Jake JacobsonSubject matter experts are everywhere throughout your organization. Some of your doctors and executives least likely to tweet on their own could be the best candidates for a Twitter chat. By engaging, educating and empowering these experts, you can use social media to build awareness and reputation while showcasing the personalities behind your brand. They can connect directly with your community, media and industry peers, and they don't have to be fluent in Twitter to tweet. That's where you're the expert.

During this session, you'll learn:

  • How a Twitter chat series can succeed when doctors have no prior Twitter experience
  • Ways to calm and convert the social media skeptics
  • How to help your experts focus on what the tweets say, not how the tweets work
  • A few do's and don'ts for choosing a chat topic
  • Ways to find potential partners and participants
  • How to play nice when you're a party crasher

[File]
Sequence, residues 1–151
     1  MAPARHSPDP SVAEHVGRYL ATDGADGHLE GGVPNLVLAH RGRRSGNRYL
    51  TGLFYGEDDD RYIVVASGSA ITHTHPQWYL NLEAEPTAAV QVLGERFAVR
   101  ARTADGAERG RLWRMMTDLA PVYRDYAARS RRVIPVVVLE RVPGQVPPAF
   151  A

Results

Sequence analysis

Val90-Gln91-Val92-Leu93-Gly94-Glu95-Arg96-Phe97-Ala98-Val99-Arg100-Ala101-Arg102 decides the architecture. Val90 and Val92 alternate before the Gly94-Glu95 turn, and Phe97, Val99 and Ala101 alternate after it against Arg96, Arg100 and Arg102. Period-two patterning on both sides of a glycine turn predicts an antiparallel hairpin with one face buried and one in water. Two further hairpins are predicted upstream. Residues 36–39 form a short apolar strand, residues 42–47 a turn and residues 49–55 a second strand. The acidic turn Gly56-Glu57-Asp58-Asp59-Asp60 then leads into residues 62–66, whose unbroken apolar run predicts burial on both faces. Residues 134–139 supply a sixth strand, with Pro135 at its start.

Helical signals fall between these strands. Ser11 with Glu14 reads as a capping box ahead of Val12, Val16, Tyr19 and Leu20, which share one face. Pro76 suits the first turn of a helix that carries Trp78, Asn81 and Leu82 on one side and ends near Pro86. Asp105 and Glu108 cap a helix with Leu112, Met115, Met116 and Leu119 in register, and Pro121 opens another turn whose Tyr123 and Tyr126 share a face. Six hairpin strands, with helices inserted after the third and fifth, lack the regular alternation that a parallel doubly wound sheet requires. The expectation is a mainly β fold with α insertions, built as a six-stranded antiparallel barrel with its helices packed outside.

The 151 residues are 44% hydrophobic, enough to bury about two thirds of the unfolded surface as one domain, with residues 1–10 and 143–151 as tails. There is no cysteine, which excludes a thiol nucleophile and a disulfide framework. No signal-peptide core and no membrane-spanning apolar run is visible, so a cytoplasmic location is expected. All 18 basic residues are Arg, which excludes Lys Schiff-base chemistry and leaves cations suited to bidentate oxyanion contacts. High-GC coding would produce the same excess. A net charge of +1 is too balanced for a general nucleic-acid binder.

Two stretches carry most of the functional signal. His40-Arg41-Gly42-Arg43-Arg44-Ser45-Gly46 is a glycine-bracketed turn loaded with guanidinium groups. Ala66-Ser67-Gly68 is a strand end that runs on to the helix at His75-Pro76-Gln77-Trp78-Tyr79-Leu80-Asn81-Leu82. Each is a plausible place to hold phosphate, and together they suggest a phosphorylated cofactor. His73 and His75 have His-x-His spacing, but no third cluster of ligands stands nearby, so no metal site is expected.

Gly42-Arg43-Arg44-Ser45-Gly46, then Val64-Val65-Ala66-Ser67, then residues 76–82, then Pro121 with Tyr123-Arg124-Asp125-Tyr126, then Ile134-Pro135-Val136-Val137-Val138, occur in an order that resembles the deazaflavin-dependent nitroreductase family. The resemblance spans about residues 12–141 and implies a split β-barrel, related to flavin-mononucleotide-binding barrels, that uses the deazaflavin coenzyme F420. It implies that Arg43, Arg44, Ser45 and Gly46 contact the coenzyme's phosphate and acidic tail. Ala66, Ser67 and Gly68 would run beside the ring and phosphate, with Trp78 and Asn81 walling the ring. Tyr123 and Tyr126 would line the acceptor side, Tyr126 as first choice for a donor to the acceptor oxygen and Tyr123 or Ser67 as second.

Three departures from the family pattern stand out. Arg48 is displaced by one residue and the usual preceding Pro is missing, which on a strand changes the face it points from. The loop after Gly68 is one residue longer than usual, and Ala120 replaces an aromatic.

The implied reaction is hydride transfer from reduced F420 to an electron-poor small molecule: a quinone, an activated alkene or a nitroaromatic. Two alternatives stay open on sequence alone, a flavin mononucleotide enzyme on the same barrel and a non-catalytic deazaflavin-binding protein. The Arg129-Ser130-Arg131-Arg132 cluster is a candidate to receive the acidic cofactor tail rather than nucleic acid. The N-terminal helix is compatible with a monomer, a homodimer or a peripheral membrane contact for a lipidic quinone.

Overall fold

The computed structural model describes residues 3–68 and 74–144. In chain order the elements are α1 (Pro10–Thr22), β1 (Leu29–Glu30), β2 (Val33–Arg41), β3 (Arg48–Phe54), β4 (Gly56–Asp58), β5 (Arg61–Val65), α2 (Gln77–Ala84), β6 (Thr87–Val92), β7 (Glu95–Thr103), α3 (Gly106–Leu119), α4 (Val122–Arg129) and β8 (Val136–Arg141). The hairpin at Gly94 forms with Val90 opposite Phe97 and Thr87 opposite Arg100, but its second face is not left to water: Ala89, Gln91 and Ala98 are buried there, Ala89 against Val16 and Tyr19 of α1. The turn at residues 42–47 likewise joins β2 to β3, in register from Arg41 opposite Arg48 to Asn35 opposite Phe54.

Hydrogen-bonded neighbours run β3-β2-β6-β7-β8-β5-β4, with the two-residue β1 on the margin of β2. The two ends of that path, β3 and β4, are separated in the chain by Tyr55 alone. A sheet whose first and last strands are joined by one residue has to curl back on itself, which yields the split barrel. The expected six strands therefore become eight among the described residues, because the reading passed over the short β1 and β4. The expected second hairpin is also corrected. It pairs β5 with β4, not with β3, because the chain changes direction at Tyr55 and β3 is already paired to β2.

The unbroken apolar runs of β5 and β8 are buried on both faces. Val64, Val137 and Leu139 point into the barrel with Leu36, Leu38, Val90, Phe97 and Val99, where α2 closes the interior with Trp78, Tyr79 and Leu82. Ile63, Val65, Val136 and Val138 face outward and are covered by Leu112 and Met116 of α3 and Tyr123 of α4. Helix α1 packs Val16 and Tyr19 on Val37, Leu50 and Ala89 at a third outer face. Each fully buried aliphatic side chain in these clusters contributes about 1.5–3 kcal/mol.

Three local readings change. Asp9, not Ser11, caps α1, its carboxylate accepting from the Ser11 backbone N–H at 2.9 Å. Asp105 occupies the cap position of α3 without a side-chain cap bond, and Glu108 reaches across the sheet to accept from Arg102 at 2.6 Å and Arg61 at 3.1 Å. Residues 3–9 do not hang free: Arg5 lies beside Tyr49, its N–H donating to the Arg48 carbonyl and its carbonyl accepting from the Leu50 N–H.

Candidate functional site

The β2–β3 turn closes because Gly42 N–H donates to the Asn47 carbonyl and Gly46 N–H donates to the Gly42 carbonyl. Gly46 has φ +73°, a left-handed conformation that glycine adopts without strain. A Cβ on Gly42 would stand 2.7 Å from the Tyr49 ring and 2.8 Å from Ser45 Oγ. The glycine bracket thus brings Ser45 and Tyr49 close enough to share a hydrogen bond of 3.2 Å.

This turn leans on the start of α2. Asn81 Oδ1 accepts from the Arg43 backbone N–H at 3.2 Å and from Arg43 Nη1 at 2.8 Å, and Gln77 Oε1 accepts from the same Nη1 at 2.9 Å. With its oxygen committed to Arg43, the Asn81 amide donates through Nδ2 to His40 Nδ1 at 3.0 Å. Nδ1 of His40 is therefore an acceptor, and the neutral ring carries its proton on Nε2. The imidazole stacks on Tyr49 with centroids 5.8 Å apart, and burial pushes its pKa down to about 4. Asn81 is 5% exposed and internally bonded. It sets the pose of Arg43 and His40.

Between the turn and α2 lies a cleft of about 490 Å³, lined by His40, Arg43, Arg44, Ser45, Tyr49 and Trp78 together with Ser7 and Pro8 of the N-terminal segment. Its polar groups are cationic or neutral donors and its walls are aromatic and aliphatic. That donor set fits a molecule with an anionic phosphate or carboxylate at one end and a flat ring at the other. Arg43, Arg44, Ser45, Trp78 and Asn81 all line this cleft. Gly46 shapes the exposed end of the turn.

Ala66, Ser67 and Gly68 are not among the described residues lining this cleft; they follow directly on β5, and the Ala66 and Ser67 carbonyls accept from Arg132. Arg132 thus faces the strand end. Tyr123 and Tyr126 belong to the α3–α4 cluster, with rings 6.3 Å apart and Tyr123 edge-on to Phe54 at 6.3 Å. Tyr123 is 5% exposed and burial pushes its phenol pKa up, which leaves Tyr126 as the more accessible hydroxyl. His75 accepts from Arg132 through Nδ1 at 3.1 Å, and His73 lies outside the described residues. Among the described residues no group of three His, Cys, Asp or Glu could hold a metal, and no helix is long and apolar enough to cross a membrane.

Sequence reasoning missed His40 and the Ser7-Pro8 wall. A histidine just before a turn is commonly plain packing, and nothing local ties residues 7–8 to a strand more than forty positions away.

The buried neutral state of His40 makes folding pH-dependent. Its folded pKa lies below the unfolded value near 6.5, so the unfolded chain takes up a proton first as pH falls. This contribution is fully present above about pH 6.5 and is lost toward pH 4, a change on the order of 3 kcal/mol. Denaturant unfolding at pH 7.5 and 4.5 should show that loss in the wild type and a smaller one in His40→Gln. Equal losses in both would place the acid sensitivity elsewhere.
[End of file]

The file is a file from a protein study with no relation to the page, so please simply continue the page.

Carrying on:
Jake Jacobson is the National Media Relations Manager for Children's Mercy Hospital.

10:15 a.m.–11:15 a.m.
Audience participation: The power of letting your patients own your brand
Sue KleinForty-one percent of people use social media to help choose a health care provider, according to the latest research. Does this strike fear into your executive suite? It doesn't have to. Harnessing the power of your patients' own actions and comments on social media can increase your market share.

Getting your patients to market your brand—through their own social networks—is the most effective, authentic endorsement we can have!

During this session you will learn:

  • How letting go of social media control can help your own patients market your services
  • Tips to help you harness the power of your patients' own social media networks